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Tuesday, May 11, 2021

Mothers of the Movement remember and honor MLK Jr.

By Brooke Weisbecker

Kathryn Fentress captivated the audience at the Mothers of the Movement event with her message of love and acceptance she learned directly from Martin Luther King Jr. himself. The crowd grew silent as Fentress began her story of engagement in the Civil Rights Movement.

Fentress was one of many speakers who presented to a crowd of eager listeners at the Mothers of the Movement event at Mt. Baker Theatre on Monday, Jan. 21, an event commemorating and honoring the women who fought during the civil rights era. The speakers at the event celebrated King’s legacy and how the Bellingham community is working toward his dream of equality.

 “[King] lifted our spirits, challenged our minds and he spoke to our hearts,” she said.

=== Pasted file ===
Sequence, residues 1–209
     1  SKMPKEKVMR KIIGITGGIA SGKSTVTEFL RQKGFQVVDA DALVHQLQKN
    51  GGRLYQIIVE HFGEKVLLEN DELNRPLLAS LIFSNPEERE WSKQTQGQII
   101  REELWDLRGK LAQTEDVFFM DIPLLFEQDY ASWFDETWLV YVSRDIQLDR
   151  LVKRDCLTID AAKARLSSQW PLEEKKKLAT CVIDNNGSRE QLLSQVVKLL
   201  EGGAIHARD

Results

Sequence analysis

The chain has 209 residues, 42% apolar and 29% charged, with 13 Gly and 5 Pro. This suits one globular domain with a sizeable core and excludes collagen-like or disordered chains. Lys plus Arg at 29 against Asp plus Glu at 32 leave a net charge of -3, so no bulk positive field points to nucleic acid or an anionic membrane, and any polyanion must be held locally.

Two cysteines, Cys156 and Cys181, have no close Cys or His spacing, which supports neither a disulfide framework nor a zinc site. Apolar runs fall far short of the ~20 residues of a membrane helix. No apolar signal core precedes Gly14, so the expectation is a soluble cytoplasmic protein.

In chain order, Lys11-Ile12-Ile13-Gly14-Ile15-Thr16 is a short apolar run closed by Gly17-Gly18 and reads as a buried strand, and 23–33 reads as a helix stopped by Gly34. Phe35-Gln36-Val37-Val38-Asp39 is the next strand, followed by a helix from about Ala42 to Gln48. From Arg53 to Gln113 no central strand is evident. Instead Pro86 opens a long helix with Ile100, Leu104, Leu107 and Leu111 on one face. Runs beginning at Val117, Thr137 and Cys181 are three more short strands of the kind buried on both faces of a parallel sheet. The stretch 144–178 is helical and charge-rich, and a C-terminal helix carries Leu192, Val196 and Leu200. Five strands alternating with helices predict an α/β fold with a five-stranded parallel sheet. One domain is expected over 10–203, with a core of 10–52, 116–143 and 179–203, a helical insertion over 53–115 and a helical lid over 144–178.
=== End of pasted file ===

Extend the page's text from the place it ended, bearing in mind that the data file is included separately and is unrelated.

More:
The Mothers of the Movement event featured performances by the Kulshan Chorus, The Jefferson Sisters and Bellingham Repertory Dance. A number of speakers were present at the event, including Fentress, who marched alongside other activists during the Civil Rights Movement.

Monea Kerr, City of Bellingham Legislative Assistant and co-organizer of the event, said the goal of the event was to be inclusive of all members of the community who want to celebrate the legacy of King, while also being a safe haven for people of color in the community, she said.